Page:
By: Carlos Lima-Lopez
Strange how I really dig the themes and vibes Thundercat is exploring on his new surprise EP, and it’s also strange how I don’t feel so full after listening to it so many times. Everything about this EP could’ve been another winner for whirlwind bassist Stephen Bruner’s discography if he had just taken some more time to flesh it out. You don’t go to a five star sushi restaurant expecting to have the best sushi ever only to find out all they serve is small portions.
Hold on, because I feel like this is going to be sound like an angry review when it isn’t. All in all, I really like this new EP. Thundercat has no shortage of his talents and here, he has some of his more emotionally revealing music. With concepts of loneliness, abrupt heartbreak, life after death, and an ode to an obscure yet influential Japanese manga, Thundercat is really wearing his heart on his sleeve.
Thundercat sings in such despair and confusion in “Hard Times” that it hits a little close to home. There’s something about the unfamiliarity of loneliness and being in a dark place for the first time that gets me; it’s also emotionally overwhelming. Just listen to how he sings, “I can’t feel my face. Where’s this cold, dark place?” You can hear how confused he is in his new emotional state. It also gets to me when he sings “This must be the end. Time to shed some skin”; it reminds us of how sometimes, the most beautiful things in our lives must end and we just have to move we’re just going to have move onward. Of course, there seems to be a glimmer when he begs for to give him “sight beyond sight” to get him through the hard times.
Then he segues with “Song For The Dead”, where he laments on the loss of his friends but hopes they find whatever it is they are looking for in the spiritual plane. It’s harrowingly mournful, and I really dig it when the drums come in, giving it this nice bounce. Then there’s the somber “Lone Wolf and Cub”, inspired by a Japanese Manga. To get to the meat of it, “Lone Wolf and Cub” tells the story of a swordsman and his infant child who travel to get revenge for the murder of his wife. The song, however, seems to be dedicated to those who are single parents, who will do anything to protect their cubs. Then, he gets to this really chaotic, melodic, freak out bass jam. I think that solo, in addition to “Them Changes”, is worth the price of admission.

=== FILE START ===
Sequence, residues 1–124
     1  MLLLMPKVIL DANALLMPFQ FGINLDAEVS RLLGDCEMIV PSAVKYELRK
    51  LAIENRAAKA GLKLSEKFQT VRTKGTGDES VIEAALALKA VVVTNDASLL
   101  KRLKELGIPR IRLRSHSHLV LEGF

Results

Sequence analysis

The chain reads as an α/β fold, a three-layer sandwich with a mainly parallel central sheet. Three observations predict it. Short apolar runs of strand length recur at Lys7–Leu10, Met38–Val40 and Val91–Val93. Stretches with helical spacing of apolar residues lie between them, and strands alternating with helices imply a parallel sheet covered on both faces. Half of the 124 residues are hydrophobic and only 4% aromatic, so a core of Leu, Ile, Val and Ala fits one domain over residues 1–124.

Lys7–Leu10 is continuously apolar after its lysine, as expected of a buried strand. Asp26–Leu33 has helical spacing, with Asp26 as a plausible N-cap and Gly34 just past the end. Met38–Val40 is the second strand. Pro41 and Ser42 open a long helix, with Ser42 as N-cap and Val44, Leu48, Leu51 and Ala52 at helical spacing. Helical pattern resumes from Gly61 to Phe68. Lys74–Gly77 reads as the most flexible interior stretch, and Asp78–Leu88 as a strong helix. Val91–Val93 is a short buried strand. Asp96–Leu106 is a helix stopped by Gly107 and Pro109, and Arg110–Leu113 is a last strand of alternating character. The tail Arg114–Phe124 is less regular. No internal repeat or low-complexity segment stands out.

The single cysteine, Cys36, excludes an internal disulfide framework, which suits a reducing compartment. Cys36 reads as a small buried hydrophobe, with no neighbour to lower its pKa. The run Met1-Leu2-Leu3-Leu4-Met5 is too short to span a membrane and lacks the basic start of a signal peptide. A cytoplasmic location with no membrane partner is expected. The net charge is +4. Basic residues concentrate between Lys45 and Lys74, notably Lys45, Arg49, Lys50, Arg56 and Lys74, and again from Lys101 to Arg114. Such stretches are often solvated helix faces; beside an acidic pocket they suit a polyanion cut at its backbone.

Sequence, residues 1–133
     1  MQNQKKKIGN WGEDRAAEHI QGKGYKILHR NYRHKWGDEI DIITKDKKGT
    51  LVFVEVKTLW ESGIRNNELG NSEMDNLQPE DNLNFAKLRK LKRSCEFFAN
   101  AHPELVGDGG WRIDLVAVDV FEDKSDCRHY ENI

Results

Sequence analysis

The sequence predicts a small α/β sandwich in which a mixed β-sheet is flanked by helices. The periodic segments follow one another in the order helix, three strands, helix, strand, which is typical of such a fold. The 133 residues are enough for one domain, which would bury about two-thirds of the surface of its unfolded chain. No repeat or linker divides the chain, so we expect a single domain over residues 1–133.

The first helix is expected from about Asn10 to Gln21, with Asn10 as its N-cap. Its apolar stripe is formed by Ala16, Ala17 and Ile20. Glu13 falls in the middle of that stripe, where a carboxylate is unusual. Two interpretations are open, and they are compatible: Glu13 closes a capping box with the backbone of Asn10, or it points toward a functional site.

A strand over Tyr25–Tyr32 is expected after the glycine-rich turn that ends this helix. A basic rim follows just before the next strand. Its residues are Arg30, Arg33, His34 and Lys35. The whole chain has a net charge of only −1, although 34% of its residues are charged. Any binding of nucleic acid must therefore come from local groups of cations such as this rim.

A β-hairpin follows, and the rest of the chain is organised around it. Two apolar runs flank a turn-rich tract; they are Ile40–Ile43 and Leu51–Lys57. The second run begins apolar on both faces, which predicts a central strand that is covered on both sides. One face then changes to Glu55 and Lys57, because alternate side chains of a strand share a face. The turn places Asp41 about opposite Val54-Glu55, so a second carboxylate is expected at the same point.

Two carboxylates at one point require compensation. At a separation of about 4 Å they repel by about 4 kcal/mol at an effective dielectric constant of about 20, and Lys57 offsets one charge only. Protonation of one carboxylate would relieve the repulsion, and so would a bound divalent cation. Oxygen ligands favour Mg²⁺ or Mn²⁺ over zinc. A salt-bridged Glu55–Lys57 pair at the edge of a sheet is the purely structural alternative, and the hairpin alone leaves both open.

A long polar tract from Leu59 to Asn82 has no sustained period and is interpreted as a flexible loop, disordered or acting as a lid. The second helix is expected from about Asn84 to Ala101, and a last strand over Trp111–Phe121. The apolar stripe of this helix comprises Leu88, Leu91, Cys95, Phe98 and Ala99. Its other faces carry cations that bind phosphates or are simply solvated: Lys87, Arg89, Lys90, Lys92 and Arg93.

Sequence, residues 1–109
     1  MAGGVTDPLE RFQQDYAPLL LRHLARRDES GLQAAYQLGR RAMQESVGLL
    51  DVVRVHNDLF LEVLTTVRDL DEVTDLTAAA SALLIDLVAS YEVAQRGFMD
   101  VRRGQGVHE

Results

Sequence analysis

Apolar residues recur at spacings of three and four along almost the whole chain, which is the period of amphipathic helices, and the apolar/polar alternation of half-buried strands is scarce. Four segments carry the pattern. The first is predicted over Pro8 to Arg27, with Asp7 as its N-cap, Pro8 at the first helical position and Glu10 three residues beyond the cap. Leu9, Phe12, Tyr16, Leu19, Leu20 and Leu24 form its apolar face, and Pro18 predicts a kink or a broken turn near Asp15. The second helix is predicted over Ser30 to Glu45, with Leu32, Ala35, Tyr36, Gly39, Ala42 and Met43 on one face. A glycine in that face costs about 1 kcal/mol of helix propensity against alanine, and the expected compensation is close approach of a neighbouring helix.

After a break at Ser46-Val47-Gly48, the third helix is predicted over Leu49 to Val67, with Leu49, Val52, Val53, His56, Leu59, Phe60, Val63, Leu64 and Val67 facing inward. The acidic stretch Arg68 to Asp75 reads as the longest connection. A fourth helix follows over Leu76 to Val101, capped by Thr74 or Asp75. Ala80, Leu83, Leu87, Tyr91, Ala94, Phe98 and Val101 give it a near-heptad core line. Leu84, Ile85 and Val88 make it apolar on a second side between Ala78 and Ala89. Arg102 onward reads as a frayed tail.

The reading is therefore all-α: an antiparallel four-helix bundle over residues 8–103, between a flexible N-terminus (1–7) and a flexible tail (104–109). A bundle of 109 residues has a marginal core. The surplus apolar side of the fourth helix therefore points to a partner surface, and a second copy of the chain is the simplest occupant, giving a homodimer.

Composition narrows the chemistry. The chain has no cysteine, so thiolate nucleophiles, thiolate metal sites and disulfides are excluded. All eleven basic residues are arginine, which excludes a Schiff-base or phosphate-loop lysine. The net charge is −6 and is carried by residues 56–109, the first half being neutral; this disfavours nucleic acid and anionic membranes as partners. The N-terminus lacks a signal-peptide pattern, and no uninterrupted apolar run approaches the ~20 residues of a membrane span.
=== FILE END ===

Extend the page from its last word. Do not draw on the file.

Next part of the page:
However, the cornerstone of this EP is “Them Changes”. A funky, emotionally driven song with The Isley Brother’s “Dancers in The Dark” break providing the beat, this song should definitely convince anyone to look into Thundercat’s work. There’s all this graphic imagery of blood on the floor (maybe a Michael Jackson reference?) and having a hole through your chest where your heart used to be. Much like Blur’s “No Distance Left to Run” and Tame Impala’s “Eventually”, this is one of the more painful break-up songs I have heard. I can imagine the main character walking around, with blood slowing trickling from his chest. Just hearing him sing, “Why in the world would I give my heart to you? Just watch to you throw it in the trash” is brutal and scathing.
All of this is brilliant, and yet, maybe I feel a little cheated. It’s been two years since Thundercat’s last albumApocalypse, which still remains as one of my favorite albums. He’s been having an enormous year thus far, all thanks to his major contributions to Kendrick Lamar’s masterpiece, To Pimp A Butterfly, and playing for Kamasi Washington in The Epic. He’s done work for J*Davey, Childish Gambino, and has played bass onstage with Seth MacFarlane. It’s incredible that his creative juice hasn’t waned and he’s only going to keep going higher. It’s just that when I want to eat sushi at the best sushi joint, I want to have that satisfactory “I’m stuffed” feeling.
All quibbles aside, I am indeed happy that Thundercat is putting out more music and come Grammy’s 2016, I know he’ll be walking away with something. I shall wait for Mr. Bruner to release something magical and hopefully, inspired by super space feline LilBub.